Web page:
In the last post, we figured out the correct height and angle for the new roof, in preparation for the roof beams. This post explains more about the many layers in an eco-roof, as well as more problems we encountered.
These Steico beams aren’t easy to fit at all. After discussions with the architect it took ages for the builders to measure and discuss fixings, and then measure again. This has to be exact. There is a lot of thinking ahead on this build. The placing of the fixings are crucial – it is astonishing how much power there is in a gust of wind, and a gust of wind could take the roof off if we get it wrong.
These beams will eventually form the area for the warmcell insulation to be blown into. They will also be the main structure of the roof that everything else will fit around. This means the roof is taking ages to make, requiring a lot attention to detail. All the Stecco Beams have to have the gaps where they intersect filled in with small bits of wood.
Coping with bad weather during a build
We ran into a patch of bad weather. It rained on and off for days just when the builders were working outside and the roof was off. They tried to keep going with building the new eco-roof, but driving rain made it impossible. It was so frustrating to see everything have to stop again and my house with no roof, eco or otherwise, but instead covered in plastic sheeting while we waited for the weather to improve.
In middle of all this, the Gutex boards arrived. These are an important layer in the eco-roof. They are made of woodfibre, and were going to be screwed onto the Stecco beams over the whole of the roof. I was worried the rain would make the wood fibre damp and ruin it. However, they had been treated, so were fine to be left exposed for up to 3 months. In the end, the boards were only out in the open for about three weeks because the builders managed to work in between bouts of rain. Their commitment meant there was plenty of time to get the boards screwed onto the roof and covered over.
Importance of Gutex Boards
The Gutex boards form the outer layer of insulation for the roof. They are flat solid boards made of wood fibre, and dovetail together all round the sides with tongue and grove joints. This means that if you push them close together when nailing them to the roof the join will be almost airtight. Having said that, we still needed to tape up all the joins with special tape, to make sure we didn’t have any gaps at all. But before that, the sheets of Gutex are screwed together with special screws, much longer than normal screws. There are two lots of fixings: one sort goes in at an angle of 60 degrees and the second at an angle of 90 degrees.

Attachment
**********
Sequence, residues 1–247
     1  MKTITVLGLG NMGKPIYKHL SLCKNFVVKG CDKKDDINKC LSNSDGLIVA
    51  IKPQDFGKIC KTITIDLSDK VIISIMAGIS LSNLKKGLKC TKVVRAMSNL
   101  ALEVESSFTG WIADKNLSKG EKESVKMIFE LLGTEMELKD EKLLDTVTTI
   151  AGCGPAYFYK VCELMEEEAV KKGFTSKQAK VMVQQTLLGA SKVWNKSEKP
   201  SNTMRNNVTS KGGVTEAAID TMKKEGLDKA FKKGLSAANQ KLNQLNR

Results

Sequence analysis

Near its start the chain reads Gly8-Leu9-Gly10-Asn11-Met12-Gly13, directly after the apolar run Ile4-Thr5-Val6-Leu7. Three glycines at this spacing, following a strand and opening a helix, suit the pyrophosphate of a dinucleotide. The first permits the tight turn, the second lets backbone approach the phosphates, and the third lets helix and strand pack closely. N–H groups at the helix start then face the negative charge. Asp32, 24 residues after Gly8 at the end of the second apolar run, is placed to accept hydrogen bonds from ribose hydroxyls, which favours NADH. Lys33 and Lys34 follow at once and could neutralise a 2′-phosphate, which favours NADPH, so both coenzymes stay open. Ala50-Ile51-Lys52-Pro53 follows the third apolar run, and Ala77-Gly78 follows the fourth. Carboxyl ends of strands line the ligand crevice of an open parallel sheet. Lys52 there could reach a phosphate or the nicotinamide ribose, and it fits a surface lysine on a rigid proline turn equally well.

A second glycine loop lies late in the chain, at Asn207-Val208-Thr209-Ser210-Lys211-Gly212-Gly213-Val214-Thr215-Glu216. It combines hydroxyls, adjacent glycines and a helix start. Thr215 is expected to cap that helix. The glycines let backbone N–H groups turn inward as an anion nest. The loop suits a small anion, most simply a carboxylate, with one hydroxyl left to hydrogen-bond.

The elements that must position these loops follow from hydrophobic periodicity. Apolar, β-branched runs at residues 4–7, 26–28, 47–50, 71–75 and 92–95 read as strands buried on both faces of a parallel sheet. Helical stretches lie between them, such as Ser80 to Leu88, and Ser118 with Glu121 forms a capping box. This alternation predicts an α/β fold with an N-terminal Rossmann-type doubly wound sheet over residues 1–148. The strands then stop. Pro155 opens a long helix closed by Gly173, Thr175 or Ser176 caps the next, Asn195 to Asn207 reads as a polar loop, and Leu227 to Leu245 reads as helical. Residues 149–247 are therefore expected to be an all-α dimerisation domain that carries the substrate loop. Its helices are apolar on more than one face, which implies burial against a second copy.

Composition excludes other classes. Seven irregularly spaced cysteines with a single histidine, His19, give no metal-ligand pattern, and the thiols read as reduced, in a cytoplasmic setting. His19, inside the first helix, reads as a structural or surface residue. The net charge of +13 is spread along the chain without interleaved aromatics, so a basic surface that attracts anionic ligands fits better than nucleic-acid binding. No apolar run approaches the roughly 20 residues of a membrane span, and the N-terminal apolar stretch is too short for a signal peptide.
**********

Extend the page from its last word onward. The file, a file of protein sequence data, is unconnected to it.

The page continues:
You need a good builder for an eco-roof renovation!
I go to meetings with the builders to sort out these things, and am amazed how complicated and detailed this is. I am so pleased that the builders know what is going on! They are all so interested and committed to making it work – which is exactly what you need on a build of this sort.
We are using a variety of special tapes in different parts of this build, to tape up different types of materials. It is very important to do this properly when building an eco-roof: the more attention to detail the more airtight your building will be. With an old building, you have a built-in disadvantage – you have to deal with what is already there. More often than not (as we have found) this is not straightforward and surprises appear when you strip out the building. If this was a new build it would be far more straightforward!
That’s it for today. I hope you enjoyed this post and next time I will tell you about tiling the roof and adding solar panels – a really exciting step. Be sure to come back and join me on the next post.